These itineraries are PDF’s. Feel free to download:
Rome, day one This half day walk takes you to some of ancient Rome’s greatest hits. Dinner at Trattoria da Luzzi, near the Colosseum.
Rome, day two: Campo de Fiori, Ponte Sisto, Trastevere, the Janiculum Hill, Isola Tibertina, Piazza del Popolol Lunch at Il Brillo Parlante. Continue to Via Marguta, Spanish Steps, the Colloseum and Palatine Hill. Dinner at Trattoria der Pallaro, near Campo de Fiori.
Rome, day three: The Vatican, lunch at Dino and Tony’s, Villa Borghese, Porta Pinciana, Museum and Crypt of the Capuchin Friars, back to Trevi Fountain. Dinner at Hostaria Farnese, near Campo de Fiori.
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Here are some recommendations for where to stay, daily itineraries, and where to eat. You will walk Florence for two and a half days, see a lot, and eat very well. Also recommended, a half-day trip by local train to Lucca. Most of the walking itineraries have the Duomo as the point of departure.
I have always stayed at Hotel Casci. It’s reasonably priced, centrally located, and clean.
These itineraries are PDF’s. Feel free to download:
Florence half day orientation walk: Half-day orientation walk around Florence: Duomo, Piazza della Signoria, Santa Croce, Ponte Vecchio, Pitti Palace, Santo Spirito, Piazza della Repubblica. Dinner at Osteria Fagioli (reservation required).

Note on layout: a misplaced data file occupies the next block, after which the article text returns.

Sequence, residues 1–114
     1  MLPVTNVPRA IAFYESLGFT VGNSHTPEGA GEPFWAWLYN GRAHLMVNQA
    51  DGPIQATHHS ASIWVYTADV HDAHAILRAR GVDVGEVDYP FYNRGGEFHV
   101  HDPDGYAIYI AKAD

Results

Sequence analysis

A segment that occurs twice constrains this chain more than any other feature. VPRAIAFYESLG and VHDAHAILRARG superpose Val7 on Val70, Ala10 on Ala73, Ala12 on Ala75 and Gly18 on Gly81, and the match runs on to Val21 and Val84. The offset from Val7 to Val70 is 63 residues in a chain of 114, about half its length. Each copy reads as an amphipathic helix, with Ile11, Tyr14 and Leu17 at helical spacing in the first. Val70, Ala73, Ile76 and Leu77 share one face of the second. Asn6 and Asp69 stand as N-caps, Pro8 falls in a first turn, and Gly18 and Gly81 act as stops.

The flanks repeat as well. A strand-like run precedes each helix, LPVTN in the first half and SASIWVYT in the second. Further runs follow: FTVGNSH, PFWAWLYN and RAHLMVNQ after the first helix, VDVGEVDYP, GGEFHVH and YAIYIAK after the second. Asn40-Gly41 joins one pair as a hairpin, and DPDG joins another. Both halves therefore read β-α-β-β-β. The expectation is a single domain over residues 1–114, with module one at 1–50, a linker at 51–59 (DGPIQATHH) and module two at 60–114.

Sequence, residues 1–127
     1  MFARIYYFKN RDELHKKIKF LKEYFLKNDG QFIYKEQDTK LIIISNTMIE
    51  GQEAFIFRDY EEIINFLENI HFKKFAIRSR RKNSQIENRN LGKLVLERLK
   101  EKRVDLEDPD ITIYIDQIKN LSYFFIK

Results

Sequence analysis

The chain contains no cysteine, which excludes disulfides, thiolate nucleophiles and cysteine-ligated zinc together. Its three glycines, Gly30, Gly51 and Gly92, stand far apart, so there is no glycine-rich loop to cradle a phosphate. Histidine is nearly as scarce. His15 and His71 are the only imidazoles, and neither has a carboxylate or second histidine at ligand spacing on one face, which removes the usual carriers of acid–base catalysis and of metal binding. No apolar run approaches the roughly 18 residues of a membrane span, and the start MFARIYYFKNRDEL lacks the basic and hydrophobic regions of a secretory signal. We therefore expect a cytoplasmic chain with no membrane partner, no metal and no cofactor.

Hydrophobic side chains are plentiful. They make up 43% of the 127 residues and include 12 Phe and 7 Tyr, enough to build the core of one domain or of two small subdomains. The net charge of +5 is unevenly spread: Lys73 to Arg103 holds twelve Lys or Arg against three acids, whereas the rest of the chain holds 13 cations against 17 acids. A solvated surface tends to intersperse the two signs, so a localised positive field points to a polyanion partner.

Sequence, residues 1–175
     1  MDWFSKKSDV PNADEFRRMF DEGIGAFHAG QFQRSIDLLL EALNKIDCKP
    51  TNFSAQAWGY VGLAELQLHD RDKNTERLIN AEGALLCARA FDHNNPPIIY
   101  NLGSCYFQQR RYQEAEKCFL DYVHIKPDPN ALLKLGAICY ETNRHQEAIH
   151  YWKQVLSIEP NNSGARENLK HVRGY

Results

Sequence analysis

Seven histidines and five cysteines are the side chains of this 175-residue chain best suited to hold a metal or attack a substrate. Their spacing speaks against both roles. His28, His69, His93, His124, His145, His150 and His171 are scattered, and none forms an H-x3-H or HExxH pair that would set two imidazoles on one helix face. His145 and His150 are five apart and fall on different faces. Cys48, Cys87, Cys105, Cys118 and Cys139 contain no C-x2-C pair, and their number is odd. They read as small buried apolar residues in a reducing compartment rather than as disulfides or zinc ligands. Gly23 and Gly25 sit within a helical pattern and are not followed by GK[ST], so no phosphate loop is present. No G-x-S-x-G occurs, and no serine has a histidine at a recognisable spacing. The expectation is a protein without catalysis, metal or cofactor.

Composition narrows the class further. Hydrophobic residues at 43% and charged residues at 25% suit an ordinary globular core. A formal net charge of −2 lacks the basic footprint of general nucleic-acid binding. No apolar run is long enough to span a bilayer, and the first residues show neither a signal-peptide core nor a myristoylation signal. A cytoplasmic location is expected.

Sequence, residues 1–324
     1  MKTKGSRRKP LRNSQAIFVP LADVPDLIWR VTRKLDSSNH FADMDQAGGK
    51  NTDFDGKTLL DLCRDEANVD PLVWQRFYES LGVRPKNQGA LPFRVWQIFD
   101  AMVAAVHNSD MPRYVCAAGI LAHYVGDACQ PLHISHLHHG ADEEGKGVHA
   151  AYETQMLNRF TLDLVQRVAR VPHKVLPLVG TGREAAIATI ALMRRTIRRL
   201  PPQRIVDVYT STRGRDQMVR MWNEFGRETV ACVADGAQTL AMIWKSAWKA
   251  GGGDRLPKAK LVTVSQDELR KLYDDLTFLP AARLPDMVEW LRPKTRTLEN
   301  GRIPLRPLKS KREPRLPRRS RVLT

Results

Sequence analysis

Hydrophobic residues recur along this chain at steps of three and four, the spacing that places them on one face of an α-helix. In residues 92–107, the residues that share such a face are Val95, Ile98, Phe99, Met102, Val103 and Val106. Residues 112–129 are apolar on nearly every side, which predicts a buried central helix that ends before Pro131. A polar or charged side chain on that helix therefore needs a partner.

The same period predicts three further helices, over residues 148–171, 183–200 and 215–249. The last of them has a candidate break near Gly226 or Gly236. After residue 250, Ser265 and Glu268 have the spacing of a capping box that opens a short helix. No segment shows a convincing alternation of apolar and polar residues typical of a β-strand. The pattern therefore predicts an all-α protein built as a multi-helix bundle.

Florence, day two: A full-day in Florence: Bargello Museum, Piazzalle Michelangelo, lunch at Fuori Porta, Accademia Museum (reservation required), Piazza Sant’Annunziata, Fiesole. Dinner at Trattoria Marione (reservation recommended).
Plato, I learned in graduate school, was nervous about music. He would have excluded the flute from the Republic. His vision of an ideal world was men standing around talking (yes, of course, men), engaged in dialectic, trying to get to the truth, trying to make some wisdom. Continue reading →
When you get to Pahrump it feels like the end of the world. It’s California desert country, on the northwest edge of Death Valley National Park. Driving into town we pass Bride Street, Gravel Pit Road, and WTF Sand and Stone. Next to the Mobil where we gas up is a storefront church. It might have been a travel agency at one time, Anywhere But Here Travel. Now, in big letters above the door, between two crosses, the church identifies itself: IT IS FINISHED. What, as in end times? Continue reading →
I’ve been having doubts about my hat. It’s a hiker’s hat, with a full brim all the way around, and a drawstring that hangs in front of my ears and can be cinched under my chin. I bought it sort of on the fly. It was a careless oh-what-the-hell purchase. I knew I would need a hat. In three weeks time we would be walking eight National parks.
Unlike my wife, who looks great in hats (and she will tell you so, and it is true), a hat on my head can look ridiculous. When I buy a hat, attention must be paid. Continue reading →
There it is, a dinosaur footprint. How about that?